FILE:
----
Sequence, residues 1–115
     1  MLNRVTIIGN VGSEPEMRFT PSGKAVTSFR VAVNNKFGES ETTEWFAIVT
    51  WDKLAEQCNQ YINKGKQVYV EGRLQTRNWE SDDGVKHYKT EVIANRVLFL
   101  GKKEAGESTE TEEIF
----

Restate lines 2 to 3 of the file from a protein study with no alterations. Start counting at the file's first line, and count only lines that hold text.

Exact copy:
     1  MLNRVTIIGN VGSEPEMRFT PSGKAVTSFR VAVNNKFGES ETTEWFAIVT
    51  WDKLAEQCNQ YINKGKQVYV EGRLQTRNWE SDDGVKHYKT EVIANRVLFL